Standards don’t foster innovation, they codify it

After all my ruminating on SCORM 2.0 the last couple of weeks, it was interesting to read about the latest news regarding the ECMAScript standard.

It was even more interesting to read some of the reactions, including those from Adobe’s Dave McAllister [link no longer available] and Yahoo’s Douglas Crockford. I swear this passage from Crockford could have come directly from one of the SCORM 2.0 discussions:

The success of this project will depend on the ability of TC39 to do a better job of managing the tradeoffs between innovation and stability, and adopting a discipline for managing complexity. Simplicity should be highly valued in a standard. Simplicity cannot be added. Instead, complexity must be removed.

It turns out that standard bodies are not good places to innovate. That’s what laboratories and startups are for. Standards must be drafted by consensus. Standards must be free of controversy. If a feature is too murky to produce a consensus, then it should not be a candidate for standardization. It is for a good reason that “design by committee” is a pejorative. Standards bodies should not be in the business of design. They should stick to careful specification, which is important and difficult work.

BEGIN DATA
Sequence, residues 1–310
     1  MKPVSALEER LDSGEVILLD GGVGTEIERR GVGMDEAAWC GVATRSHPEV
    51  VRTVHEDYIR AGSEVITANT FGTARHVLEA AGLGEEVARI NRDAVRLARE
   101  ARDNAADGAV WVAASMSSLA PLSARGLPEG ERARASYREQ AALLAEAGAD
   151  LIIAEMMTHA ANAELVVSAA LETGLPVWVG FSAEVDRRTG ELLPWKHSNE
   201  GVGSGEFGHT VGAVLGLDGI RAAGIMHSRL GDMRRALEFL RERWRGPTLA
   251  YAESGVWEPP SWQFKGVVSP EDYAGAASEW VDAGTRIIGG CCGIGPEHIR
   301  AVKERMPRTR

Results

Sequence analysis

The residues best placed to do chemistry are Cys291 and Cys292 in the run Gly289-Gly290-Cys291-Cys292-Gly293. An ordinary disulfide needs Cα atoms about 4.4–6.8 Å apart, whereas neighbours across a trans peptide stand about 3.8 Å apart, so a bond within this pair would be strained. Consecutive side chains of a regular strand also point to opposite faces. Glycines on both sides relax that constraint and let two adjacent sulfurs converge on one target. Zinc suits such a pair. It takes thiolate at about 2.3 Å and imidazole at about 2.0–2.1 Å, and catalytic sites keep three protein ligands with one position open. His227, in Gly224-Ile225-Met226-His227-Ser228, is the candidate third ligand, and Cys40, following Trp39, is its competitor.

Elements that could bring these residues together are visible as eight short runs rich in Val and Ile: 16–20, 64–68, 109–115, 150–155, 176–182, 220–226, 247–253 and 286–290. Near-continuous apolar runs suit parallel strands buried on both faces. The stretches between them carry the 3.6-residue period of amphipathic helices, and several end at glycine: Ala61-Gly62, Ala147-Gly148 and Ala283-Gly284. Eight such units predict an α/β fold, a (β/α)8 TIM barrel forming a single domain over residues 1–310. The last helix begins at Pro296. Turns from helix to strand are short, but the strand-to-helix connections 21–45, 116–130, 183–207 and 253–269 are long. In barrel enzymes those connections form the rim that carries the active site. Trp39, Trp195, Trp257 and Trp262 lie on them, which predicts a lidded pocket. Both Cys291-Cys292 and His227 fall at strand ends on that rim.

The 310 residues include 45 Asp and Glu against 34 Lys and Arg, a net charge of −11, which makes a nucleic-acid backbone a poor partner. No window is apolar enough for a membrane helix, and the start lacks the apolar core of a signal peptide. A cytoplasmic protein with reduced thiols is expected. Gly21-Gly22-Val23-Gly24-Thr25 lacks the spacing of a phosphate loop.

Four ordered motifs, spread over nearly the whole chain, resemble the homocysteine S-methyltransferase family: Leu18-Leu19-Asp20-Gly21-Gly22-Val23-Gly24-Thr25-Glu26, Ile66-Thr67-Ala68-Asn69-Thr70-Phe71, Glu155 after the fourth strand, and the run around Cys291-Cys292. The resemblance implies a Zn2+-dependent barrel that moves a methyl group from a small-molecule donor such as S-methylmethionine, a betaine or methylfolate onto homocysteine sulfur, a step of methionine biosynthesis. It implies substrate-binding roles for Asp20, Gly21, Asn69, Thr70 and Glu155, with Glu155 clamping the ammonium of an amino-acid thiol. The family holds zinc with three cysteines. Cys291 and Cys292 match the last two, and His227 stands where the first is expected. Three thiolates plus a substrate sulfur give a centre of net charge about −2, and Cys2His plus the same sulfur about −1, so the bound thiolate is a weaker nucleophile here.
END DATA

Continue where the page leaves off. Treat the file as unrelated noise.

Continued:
Just substitute LETSI for “TC39” and you have a very relevant, poignant piece of advice for the SCORM 2.0 workgroup as it moves forward.

A common thread in many of the posts I’ve been reading is that standards do not lead to innovation, but rather that innovation leads to standardization. Adobe’s Mike Chambers has a great compilation of comments on this topic. I especially found this quote on standards from Dojo’s Alex Russell to be very insightful:

we need to applaud and use the hell out of “non-standard” features until such time as there’s a standard to cover equivalent functionality.

LETSI has promised to foster innovation. Will LETSI attempt to codify innovative and non-standardized technology or practices into a standard? Will it only accept existing standards (royalty-free standards, at that)?

The Raising of SCORM 2.0 will be interesting to watch as it plays out.

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